10 days remain in 2010. It’s not too late to make a few moves to help your tax situation for this year and next.
- If you are 70-1/2 and taking RMDs (required minimum distributions) from your IRA, the just-passed tax bill allows you to donate directly to charity. If you don’t itemize, this is a way of turning that donation into an effective tax deduction.
- If you are already retired, try to forecast your taxable income for the year and convert just enough IRA money to a Roth to “top off” your present bracket.
- Check out Fairmark and see where you’re aiming to land tax-bracket-wise. If there’s a bit of room before hitting the next bracket consider a partial Roth conversion. e.g. you’re single with a taxable income of $28K. (This is after exemption, standard or itemized deductions, etc) Since the 15% bracket goes up to $34K, you can convert $6K and still be in the 15% bracket. If you overshoot, just recharacterize.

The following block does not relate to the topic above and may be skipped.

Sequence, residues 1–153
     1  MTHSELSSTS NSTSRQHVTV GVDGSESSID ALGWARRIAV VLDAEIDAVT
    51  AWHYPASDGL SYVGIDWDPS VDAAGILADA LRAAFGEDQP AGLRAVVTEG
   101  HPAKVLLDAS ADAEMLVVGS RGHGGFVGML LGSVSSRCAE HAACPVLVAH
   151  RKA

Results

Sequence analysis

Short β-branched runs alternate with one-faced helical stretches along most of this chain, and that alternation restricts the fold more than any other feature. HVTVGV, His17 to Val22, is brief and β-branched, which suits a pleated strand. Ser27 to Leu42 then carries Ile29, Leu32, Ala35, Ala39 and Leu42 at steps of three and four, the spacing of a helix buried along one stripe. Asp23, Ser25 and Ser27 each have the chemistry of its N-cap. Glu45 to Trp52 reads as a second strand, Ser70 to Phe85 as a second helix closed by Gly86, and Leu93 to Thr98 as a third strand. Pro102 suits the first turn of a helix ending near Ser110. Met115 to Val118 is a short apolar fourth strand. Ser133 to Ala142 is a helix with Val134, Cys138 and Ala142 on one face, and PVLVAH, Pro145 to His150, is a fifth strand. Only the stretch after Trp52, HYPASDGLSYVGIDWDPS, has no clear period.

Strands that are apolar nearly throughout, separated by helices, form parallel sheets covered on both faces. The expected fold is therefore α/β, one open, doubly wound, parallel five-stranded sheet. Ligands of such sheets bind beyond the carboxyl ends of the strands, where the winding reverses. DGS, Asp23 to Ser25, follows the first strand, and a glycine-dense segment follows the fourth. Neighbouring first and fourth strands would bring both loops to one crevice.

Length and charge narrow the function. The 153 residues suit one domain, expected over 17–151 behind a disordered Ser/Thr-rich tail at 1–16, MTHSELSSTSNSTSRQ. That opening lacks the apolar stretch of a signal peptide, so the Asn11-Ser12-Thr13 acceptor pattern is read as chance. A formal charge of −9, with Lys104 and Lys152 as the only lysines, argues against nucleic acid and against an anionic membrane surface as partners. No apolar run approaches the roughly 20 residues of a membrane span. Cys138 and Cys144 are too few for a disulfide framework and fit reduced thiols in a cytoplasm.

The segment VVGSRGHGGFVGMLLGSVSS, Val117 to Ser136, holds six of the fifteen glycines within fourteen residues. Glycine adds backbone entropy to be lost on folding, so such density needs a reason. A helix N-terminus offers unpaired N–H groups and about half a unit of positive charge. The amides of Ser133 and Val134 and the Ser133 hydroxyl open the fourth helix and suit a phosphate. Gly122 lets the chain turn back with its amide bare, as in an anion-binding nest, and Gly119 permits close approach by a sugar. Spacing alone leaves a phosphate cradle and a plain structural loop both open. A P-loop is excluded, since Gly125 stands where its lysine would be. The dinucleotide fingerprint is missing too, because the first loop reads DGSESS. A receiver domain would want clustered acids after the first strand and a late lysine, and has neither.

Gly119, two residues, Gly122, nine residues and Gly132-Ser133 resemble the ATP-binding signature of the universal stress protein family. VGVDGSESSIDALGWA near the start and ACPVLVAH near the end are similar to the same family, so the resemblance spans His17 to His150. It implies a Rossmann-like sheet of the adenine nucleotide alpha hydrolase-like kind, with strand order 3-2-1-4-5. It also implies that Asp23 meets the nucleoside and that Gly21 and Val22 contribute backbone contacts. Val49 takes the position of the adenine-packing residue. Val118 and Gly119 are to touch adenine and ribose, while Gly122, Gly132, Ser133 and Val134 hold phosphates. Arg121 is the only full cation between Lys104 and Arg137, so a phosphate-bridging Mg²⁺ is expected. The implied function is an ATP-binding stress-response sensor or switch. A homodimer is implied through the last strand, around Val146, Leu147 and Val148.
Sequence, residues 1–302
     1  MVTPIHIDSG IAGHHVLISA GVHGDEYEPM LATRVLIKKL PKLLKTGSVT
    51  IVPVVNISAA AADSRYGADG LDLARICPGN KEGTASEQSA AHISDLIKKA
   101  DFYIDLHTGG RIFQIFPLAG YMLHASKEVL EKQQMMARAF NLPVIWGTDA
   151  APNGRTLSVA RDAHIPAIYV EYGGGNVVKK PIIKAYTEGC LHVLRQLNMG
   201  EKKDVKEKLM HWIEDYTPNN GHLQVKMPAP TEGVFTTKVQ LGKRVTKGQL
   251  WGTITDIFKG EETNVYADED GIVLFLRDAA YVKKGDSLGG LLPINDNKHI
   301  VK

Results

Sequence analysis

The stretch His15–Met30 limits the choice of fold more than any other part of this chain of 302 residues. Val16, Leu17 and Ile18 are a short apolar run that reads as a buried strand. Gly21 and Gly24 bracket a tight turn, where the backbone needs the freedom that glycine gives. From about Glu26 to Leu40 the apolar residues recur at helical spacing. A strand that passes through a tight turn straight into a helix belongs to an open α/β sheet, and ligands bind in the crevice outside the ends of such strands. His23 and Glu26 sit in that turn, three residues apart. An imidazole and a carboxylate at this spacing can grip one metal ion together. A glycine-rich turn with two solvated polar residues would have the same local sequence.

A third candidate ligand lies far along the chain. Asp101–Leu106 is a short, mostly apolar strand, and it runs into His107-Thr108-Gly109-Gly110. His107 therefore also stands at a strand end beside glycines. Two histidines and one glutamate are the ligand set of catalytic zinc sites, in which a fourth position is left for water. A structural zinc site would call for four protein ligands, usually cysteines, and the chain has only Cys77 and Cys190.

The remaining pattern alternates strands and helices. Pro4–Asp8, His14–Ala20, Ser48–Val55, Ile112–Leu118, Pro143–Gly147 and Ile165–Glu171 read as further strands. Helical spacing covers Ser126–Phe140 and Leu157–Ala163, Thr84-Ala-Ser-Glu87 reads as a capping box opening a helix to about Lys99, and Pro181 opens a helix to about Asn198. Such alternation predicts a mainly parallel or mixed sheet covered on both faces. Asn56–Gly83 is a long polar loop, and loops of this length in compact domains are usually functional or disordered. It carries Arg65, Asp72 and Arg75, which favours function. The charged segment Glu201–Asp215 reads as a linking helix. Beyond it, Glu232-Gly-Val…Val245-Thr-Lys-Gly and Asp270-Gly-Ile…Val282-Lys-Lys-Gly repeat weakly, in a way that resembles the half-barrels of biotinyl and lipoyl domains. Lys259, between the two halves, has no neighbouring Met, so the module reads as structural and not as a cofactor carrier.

- If you have an FSA (flexible spending account) and have any balance remaining, there are some easy ways to spend on items you can submit for reimbursement. Visit the eye doctor, and get new glasses. Review the list of reimbursable drugstore items and stock up. Band-aids, Ace Bandages, aspirin, cold medicine, birth control, there are quite a few things you can buy that are covered by FSAs. Don’t lose the chance to get your money back.
- This is a good time to look at how much you are depositing to your 401(k) or other retirement accounts. Time to bump it up a bit.
- Year end is also a good time to review your account beneficiaries. Have you had any change in family status? Marriage, divorce, new child, family member pass away? Check the beneficiaries on your IRAs, 401(k), insurance, and any other financial accounts. Many a wife has lost her husband’s 401(k) account or IRA to a former wife who was left as the primary beneficiary. Ouch.
- Last, don’t forget, if you sell stock at a loss, up to $3K per year can be used to offset ordinary income, if you are over this figure, the excess carries to the next year.
Let’s put these final ten days of ’10 to good use. For more tips, check out Neal Frankle’s Financial Tax Planning Tips To Save You Money.